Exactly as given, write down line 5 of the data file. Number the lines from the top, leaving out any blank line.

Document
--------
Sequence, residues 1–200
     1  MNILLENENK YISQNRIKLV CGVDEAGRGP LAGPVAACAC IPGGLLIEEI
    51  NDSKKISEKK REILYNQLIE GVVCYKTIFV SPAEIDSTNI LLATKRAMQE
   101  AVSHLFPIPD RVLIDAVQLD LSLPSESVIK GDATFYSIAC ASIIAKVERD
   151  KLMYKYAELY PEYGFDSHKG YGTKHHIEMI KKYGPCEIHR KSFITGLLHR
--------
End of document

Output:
   151  KLMYKYAELY PEYGFDSHKG YGTKHHIEMI KKYGPCEIHR KSFITGLLHR